Then there’s the messy matter of who, exactly, the dead Afghan officials were. These were our "partners," yes – but there’s a dirty backstory. I’ll focus on just one, the Kandahar provincial police chief, General Abdul Raziq. I knew the man, at least a bit. He was young, he was aggressive, and the Taliban genuinely feared him. Raziq, as we referred to him, was, simply put, a bad ass. Indeed, he was the only Afghan cop or soldier that ever – during my year in Kandahar – willing to go toe-to-toe with the Taliban without US military support. My bosses, up through the whole chain of command, celebrated his arrival in Kandahar in 2011. Why shouldn’t they? He got. shit. done.
There was just one problem – Raziq, our "man" in Kandahar – was a war criminal. It’s not like we didn’t know it either – Harper’s had reported on (credible) allegations that he had executed innocent people and prisoners before he’d ever set foot in our wayward province. I read the Harper’s piece while I was in Afghanistan and raised a few questions to my chain of command: "Is this really someone we want to partner with?" "Might he, and his tactics, not be counterproductive in the long run?" "What about ‘American values’?" I was wasting my breath. Raziq fought, hard, and beat up the local Taliban. Rumor had it, of course, that he also terrorized villagers and executed prisoners – but, hey, at least he was a "winner." Suffice it to say my unit stuck with Raziq throughout our deployment in 2011-12.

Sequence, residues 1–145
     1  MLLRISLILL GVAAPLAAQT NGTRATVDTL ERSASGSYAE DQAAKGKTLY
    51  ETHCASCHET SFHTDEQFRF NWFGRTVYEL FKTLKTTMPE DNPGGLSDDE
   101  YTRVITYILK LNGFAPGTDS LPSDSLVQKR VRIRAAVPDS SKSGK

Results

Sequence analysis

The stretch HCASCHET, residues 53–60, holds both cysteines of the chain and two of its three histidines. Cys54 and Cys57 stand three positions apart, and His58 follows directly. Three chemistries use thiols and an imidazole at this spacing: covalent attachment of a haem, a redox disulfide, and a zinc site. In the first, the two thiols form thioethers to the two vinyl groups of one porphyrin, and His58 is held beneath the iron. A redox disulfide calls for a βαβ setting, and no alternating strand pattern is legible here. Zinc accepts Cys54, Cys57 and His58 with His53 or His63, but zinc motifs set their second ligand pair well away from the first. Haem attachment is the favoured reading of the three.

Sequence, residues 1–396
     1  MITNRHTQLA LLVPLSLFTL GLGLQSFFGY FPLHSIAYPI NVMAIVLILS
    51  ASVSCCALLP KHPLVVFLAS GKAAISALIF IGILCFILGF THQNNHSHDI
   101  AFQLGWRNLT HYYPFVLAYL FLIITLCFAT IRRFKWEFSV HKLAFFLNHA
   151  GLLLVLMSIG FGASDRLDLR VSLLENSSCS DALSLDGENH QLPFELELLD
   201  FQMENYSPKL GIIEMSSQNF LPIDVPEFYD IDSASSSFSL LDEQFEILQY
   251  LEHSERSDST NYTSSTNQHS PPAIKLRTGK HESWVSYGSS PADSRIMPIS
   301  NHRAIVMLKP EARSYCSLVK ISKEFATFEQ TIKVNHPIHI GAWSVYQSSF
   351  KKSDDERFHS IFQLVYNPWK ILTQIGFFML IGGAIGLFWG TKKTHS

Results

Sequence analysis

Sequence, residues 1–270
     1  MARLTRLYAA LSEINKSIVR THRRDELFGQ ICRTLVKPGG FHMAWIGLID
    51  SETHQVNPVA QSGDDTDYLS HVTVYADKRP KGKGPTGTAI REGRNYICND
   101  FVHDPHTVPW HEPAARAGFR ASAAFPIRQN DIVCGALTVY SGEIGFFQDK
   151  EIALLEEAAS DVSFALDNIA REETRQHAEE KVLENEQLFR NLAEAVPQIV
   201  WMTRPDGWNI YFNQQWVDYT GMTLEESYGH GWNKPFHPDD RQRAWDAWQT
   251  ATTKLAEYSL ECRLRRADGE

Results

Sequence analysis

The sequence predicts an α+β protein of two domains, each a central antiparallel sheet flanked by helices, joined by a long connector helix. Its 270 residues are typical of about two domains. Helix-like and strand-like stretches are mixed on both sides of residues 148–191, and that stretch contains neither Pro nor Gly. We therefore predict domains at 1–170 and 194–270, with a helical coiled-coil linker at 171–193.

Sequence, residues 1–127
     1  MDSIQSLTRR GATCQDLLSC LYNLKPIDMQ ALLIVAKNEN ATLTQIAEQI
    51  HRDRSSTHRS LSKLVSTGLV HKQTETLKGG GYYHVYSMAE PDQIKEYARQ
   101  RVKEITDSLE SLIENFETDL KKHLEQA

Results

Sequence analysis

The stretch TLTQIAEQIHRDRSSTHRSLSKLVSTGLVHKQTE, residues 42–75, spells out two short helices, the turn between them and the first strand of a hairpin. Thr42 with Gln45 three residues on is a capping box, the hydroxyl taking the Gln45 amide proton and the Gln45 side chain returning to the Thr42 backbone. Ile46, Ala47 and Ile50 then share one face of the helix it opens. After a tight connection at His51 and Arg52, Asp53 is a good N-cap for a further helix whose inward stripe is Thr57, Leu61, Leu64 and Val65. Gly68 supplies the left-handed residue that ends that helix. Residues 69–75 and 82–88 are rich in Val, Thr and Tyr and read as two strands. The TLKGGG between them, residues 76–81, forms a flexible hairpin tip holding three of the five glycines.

Now Raziq is dead. So is the provincial governor and intelligence chief. Two American troopers are wounded, and the senior-most American general in the whole country had a close call. What does it all mean? I wish I knew for sure, but some conclusions leap forth with ease: the Taliban is far from beaten; they will overrun at least the south and east of the country regardless of whether American troops stay or go; US"partners" in the Afghan government and ANSF are utterly flawed – sometimes warlords or war criminals. So it goes…
It’s time to admit the inconvenient truth: the war is over – America’s longest war. There will be no liberal democracy in the Hindu Kush. Not now, and not anytime soon, regardless of how much blood and treasure the United States commits. This author, for one, wishes that policymakers in Washington would have recognized this – utterly knowable – fact in 2001. Had they, then three of my boys would be alive and so would more than 2000 American troopers we purport to love and honor…
Danny Sjursen is a US Army officer and regular contributor to Antiwar.com He served combat tours with reconnaissance units in Iraq and Afghanistan and later taught history at his alma mater, West Point. He is the author of a memoir and critical analysis of the Iraq War, Ghostriders of Baghdad: Soldiers, Civilians, and the Myth of the Surge. Follow him on Twitter at @SkepticalVet.
[Note: The views expressed in this article are those of the author, expressed in an unofficial capacity, and do not reflect the official policy or position of the Department of the Army, Department of Defense, or the U.S. government.]
Copyright 2018 Danny Sjursen